The rear spring is sensitive to adjustment, too, and finding the right setting is key to make a Rush perform well. Case in point: One tester had the spring set 4 pounds stiffer than his weight, but after adjusting the spring to his actual weight he felt more transfer, lighter steering and less darting while maintaining good traction on the skis. The spring is difficult to adjust, so we’re hoping Polaris finds a way to make this easier. The front track shock clicker is nearly impossible to turn because of its orientation inside the skidframe, so this needs work, too.

We say this every year, but it’s true: The Twin Spar chassis keeps getting better as minor updates result in major improvements. This time the boosted performance is courtesy of the Fox FLOAT 2 shocks and new skis that were added in 2010.

Valving proved to be good for a wide range of needs, whether that’s low-speed cruising or blazing over chop at high speeds. Calibration allows for flat cornering and they set down nicely after the front end goes airborne over rollers.

On the trail, the F8 Sno Pro handles well but it drives larger and heavier than the MX Z or Rush. Testers really like this sled now that the Twin Spar steers lightly and positively without corner push, and the powerful new engine makes the chassis feel even lighter.

The F8 definitely isolates from the bumps better than its competition. It’s a nice ride and comfortable but not as playful — you can’t work with the bumps. Instead of timing the moguls and pre-loading the skidframe to launch, the driver can simply remain steady with the throttle and mow them over. Two riders noted a lot of bottoming on the front arm through the moguls, but the lightest tester said it worked better than expected.

Does the F8’s longer wheelbase (128-inch track versus 120 inches on the MX Z and Rush) put more load on the front torque arm? Perhaps. The bump energy is noticed, but with a firm calibration on the damper, it does well to absorb the impact. The sled handled curves in the trail really well, it’s the best of the three sleds. Also noted: lean out — not forward — during high-speed turns to get the best handling.

The MX Z X-RS works in the bumps. It kept asking for more when we tested it in rough conditions while the front and rear suspension worked in synch through the moguls we crashed it into. The whole sled felt light, controlled and easy to drive, and it forgives the driver’s errors quite graciously.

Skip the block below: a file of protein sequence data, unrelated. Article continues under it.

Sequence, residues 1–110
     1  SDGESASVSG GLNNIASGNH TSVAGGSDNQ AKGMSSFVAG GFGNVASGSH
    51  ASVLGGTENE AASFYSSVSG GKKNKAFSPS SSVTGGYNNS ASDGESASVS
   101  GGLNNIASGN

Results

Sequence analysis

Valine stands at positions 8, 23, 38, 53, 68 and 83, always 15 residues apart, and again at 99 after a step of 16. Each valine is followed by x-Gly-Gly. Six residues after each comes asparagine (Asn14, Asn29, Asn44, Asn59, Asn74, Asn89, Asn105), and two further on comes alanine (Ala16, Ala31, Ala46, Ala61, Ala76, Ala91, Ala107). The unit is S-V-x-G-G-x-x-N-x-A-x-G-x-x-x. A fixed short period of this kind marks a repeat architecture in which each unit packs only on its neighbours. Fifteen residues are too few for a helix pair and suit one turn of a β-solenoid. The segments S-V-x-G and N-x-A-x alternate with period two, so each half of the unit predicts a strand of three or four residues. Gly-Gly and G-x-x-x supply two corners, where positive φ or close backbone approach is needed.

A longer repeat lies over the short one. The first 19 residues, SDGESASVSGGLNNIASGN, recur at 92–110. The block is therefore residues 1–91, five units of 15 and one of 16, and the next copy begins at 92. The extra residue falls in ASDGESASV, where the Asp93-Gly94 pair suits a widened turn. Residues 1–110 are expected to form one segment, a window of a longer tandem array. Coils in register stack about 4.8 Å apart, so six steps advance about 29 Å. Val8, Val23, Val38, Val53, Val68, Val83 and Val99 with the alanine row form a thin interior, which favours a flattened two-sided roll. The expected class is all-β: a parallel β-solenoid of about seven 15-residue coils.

In the big-bump section of our test, the X-RS was light and nimble and it had the best suspension sweet spot for rough trails. The sled’s lightweight design, though, made it feel less stable than the Polaris or Cat.

While adjustments proved necessary to get the best performance from the Polaris, the yellow sled’s stock shock and spring settings worked surprisingly well over a variety of conditions for all test riders. Low-speed valving on all four dampers is more compliant than the 2010 version we tested a year earlier.

In smoother conditions, the REV-XP chassis still displays some Ski-Doo twitchiness when diving hard into a corner. Here the driver has to reset the skis and counter the chassis’ tendency to understeer through turns. The original REV was notorious for this, especially in rough corners. While the XP chassis is much improved over its predecessor, the X-RS platform with the steering post mounted 2 inches farther forward magnifies this characteristic. Like the Rush, it translates to a lot activity at the handlebar during aggressive rides.

The X-RS is definitely a more aggressive setup than 97 percent of riders need. Sure, the suspension is adjustable, but most snowmobilers don’t take the time to understand their shocks so they can make the correct adjustments. And with so many external adjustments on the KYB Pro 40 dampers — high/low speed compression and rebound up front; high/low speed compression in the rear — some riders could be intimidated by all of the adjustability and afraid to make the changes they might need.

Three Distinct Choices

While these three snowmobiles are in the same class, they have distinct personalities. The MX Z X-RS and Rush Pro-R are most alike, appealing to hard-core sledders who ride aggressively. Similarly, the F8 Sno Pro is for snowmobilers who ride fast, but expect more comfort for longer days in the saddle.

It took Arctic Cat a few years to get the Twin Spar-based F Series machines to work as well as they do now. Vague handling plagued early versions and, admittedly, our expectations in 2007 when the F Series debuted were for it to mimic the lightweight, point-and-shoot characteristics of the Firecats they replaced. But now we know the F Series is a platform that, while it goes fast and rides and handles well, was designed more for comfort and stability than hammering down a ditch or slicing through the woods.

One year has made a big difference in the performance of the Polaris Rush. The initial 2010 Pro Ride chassis was a bold step away from tradition, especially for a company as conservative as Polaris; we just wish its performance could have been at the level where the Pro-R is now. It’s a tight-feeling machine that rides and handles well with more power than the original Rush.

We’ve always thought that snowmobiles like Ski-Doo’s MX Z E-TEC 800R X-RS are about feeding a rider’s ego, but this sled is the most trailable wannabe racer we’ve ever ridden. Engine power and the machine’s responsiveness mated with the suspension’s out-of-this-world capability give a snowmobiling experience that’s truly like no other, but before you plunk down $13k for the X-RS, ask yourself, “Do I really need this much sled?” Chances are that the MX Z X will meet your needs just fine, and cost $1,000 less.